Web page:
Margaret Thatcher's Career in Perspective

Roland Quinault offers an appraisal of the Iron Lady's legacy.

Roland Quinault | Published in 10 Apr 2013

Margaret Thatcher in September 1975The death of Margaret Thatcher has unleashed a deluge of media comment on every aspect of her personality and politics. There has been general agreement that she was the most important prime minister in the second half of the twentieth century and one who made a distinctly personal impact on British politics. While there are good grounds for that assessment, both her critics and her admirers have exaggerated the nature of her contribution and achievement in various respects.

Her rise from modest beginnings to the premiership followed in the footsteps of her three prime ministerial predecessors. Like Wilson and Heath she went from a local selective school to Oxford, whereas Callaghan went to neither a grammar school nor university. Thatcher’s gender was not much of a political disadvantage either. At Oxford, she was the third woman to become President of the university Conservative association. At the 1950 general election she was one of 126 female candidates – a number not exceeded until 1974. Although not elected, she gained considerable press attention as a young and attractive candidate. She subsequently married a very wealthy businessman, which enabled her to pursue both a legal and a political career. It was her barrister friend and Tory MP, Airey Neave, who masterminded her successful party leadership campaign in 1975.

Before that campaign, Thatcher was a loyal supporter of the official party line. It was only the mistakes of Heath in his handling of the miners’ strike and of Callaghan with respect to ‘the winter of discontent’ that enabled Thatcher to become first the leader of her party and then the first female prime minister. But Barbara Castle had already demonstrated that a strong-minded, straight talking, woman could hold her own with men on the national political stage. Once in office, Thatcher relied on old-fashioned feminine charms as well as her robust powers of argument to win over her male Cabinet colleagues to her point of view. She promoted very few women to ministerial posts and did little to advance the prospects of women whether in politics, the economy or society.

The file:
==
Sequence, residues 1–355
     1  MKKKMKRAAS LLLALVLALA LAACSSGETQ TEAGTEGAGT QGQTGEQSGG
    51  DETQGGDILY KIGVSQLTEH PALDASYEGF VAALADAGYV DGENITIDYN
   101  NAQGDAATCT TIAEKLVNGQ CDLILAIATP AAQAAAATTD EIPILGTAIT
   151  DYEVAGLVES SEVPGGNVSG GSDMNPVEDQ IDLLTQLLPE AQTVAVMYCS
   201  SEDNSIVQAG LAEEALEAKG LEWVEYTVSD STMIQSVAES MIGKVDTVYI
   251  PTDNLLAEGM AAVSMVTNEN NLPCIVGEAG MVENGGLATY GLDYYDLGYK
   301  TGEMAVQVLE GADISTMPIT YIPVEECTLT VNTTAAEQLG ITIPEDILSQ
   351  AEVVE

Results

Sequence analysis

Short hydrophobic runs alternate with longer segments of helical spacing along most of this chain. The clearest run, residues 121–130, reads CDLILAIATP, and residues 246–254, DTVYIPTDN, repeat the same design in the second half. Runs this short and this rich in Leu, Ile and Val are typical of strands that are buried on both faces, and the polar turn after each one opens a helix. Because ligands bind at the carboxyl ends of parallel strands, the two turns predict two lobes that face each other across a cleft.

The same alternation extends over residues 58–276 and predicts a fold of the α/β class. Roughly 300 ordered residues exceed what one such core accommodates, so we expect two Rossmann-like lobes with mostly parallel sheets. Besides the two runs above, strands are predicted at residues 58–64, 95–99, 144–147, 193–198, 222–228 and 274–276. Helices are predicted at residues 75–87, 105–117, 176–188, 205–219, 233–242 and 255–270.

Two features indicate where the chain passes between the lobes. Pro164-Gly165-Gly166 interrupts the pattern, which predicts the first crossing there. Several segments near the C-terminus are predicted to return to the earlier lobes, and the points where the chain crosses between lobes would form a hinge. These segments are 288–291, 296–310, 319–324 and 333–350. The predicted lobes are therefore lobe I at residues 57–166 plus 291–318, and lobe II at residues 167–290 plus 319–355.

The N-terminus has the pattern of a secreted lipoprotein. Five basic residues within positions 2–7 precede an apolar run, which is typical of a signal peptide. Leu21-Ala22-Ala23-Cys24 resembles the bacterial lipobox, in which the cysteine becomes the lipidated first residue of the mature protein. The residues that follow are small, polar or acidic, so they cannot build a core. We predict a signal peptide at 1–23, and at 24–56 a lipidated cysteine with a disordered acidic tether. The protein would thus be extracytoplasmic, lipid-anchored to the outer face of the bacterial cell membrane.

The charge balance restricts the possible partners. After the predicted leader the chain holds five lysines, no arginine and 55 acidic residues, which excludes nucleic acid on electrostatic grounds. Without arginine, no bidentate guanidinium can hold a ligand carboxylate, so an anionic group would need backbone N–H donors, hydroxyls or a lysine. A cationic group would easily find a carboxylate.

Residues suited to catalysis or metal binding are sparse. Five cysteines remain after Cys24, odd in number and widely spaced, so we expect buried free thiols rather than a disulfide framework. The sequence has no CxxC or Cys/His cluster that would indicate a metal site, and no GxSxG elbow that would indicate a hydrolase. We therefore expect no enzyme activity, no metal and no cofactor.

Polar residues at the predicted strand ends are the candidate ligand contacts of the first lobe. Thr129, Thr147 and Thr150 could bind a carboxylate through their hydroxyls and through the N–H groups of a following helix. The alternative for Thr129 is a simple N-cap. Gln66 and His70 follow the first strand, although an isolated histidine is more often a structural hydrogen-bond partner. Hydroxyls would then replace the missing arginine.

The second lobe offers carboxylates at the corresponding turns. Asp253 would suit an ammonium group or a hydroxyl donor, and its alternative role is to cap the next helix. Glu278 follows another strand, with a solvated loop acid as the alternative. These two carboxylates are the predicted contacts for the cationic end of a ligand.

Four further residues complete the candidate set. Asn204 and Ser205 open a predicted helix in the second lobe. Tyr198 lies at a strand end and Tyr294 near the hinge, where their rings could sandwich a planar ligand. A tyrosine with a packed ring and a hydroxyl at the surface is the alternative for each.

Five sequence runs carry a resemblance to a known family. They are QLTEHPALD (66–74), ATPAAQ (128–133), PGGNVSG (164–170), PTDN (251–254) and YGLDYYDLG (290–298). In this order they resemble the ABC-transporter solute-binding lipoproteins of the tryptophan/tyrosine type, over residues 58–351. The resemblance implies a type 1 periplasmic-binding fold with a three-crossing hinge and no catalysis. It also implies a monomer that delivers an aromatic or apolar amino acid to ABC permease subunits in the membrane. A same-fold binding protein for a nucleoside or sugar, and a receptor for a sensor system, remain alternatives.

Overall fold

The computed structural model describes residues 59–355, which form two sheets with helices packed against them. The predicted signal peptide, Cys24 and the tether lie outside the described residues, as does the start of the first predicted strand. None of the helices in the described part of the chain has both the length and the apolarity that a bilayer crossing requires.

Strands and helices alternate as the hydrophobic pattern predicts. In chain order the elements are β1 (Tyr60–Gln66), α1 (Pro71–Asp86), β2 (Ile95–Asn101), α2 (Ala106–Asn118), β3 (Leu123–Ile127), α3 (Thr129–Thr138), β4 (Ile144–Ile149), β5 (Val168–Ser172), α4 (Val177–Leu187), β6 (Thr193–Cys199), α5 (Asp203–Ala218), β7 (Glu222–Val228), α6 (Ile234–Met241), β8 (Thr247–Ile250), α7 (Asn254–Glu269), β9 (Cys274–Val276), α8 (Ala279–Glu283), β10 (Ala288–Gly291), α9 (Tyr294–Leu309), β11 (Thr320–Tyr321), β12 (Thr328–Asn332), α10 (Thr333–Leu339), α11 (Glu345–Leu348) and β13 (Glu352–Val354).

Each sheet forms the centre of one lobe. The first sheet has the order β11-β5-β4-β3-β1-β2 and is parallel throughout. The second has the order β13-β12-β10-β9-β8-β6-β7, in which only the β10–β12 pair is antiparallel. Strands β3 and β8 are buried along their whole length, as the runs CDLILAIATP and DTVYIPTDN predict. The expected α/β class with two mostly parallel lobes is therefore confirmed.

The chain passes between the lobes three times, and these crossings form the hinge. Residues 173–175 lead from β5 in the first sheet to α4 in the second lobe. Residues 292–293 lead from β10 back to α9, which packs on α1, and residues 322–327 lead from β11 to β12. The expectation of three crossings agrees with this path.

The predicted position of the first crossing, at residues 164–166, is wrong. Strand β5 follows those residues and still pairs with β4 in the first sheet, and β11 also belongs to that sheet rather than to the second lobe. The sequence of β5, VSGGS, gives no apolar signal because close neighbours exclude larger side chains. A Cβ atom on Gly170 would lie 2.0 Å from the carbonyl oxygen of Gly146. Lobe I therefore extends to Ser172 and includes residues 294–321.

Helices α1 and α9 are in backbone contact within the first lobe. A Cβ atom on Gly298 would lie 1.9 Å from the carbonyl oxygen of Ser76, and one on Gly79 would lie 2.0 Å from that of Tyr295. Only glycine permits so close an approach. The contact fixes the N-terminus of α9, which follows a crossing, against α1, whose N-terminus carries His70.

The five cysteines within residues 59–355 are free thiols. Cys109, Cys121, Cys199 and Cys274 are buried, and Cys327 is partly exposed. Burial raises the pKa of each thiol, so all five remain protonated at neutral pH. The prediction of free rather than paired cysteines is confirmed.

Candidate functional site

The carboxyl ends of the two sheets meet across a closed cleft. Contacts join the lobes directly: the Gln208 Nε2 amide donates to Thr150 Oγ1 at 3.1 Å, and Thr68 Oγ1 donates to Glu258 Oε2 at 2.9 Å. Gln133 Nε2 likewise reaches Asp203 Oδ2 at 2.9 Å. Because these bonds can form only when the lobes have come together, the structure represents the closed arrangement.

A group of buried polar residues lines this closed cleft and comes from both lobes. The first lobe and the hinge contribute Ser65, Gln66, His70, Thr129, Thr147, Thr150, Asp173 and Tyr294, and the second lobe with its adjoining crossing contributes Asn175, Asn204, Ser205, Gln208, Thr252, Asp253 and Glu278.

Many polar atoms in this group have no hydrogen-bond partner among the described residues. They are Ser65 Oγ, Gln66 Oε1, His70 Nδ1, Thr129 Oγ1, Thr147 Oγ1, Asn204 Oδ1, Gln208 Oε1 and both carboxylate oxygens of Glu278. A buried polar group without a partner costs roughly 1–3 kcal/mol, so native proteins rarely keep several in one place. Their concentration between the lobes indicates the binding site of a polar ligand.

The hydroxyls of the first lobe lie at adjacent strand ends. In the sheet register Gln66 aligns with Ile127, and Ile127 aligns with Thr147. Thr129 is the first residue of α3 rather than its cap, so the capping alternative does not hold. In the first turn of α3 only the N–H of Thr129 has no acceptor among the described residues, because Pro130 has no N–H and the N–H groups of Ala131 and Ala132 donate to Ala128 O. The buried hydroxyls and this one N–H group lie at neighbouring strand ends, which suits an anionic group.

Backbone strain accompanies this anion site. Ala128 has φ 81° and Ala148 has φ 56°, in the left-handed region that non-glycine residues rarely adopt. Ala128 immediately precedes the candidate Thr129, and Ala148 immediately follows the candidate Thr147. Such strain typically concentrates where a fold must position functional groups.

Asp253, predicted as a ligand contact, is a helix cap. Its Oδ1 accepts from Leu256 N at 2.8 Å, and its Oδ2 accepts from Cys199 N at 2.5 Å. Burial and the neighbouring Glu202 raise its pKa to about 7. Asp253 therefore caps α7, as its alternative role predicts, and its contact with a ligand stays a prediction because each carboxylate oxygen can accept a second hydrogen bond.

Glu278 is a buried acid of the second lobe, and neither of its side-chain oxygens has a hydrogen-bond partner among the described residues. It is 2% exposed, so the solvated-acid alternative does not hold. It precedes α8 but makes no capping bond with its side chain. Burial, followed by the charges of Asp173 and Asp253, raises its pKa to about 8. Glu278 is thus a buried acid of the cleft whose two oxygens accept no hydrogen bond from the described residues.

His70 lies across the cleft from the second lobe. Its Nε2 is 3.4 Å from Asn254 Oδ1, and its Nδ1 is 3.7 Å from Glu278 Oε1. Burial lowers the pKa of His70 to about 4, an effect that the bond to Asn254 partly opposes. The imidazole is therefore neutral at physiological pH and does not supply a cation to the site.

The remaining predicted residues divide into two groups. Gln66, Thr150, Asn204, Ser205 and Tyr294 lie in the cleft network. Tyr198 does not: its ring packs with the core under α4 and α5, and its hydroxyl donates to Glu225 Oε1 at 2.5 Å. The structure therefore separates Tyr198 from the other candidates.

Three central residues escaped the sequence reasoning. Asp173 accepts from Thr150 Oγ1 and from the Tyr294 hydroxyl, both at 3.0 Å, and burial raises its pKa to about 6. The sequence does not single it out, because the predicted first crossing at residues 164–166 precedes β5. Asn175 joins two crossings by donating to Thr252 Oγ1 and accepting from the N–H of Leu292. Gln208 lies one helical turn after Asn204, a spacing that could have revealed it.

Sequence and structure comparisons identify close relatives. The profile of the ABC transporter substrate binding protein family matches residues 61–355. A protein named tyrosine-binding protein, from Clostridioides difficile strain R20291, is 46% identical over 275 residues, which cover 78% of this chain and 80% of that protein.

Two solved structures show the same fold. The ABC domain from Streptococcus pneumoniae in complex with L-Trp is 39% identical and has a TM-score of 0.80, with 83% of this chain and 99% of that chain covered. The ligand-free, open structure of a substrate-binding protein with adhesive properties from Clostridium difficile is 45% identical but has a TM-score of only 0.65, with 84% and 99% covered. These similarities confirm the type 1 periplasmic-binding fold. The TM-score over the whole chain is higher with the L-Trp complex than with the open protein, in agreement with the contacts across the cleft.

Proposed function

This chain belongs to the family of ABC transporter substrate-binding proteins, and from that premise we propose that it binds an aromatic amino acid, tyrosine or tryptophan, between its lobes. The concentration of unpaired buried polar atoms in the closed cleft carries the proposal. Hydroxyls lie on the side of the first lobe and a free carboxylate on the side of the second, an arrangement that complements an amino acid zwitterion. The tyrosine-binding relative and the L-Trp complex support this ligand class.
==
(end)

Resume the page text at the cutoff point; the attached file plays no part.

Thatcher is widely regarded as a conviction politician who put principle before expediency. Before the 1979 general election she declared that she would not tolerate dissent and denounced the idea of consensus. Yet once in office, she included a wide range of Tories in her Cabinet and she relied heavily on the consensual skills of her deputy, Willie Whitelaw. For much of her premiership, moreover, caution was the hallmark of her policies. Her trade union reforms were gradual, while she avoided major changes to the National Health Service and the welfare system. Even her government’s privatisation of industry was selective for the coalmines, the railways and the Post Office remained in the public sector. Despite her rhetorical flirtation with the small-State views of Sir Keith Joseph and others, she followed her predecessors in strengthening, rather than weakening, the power of central government.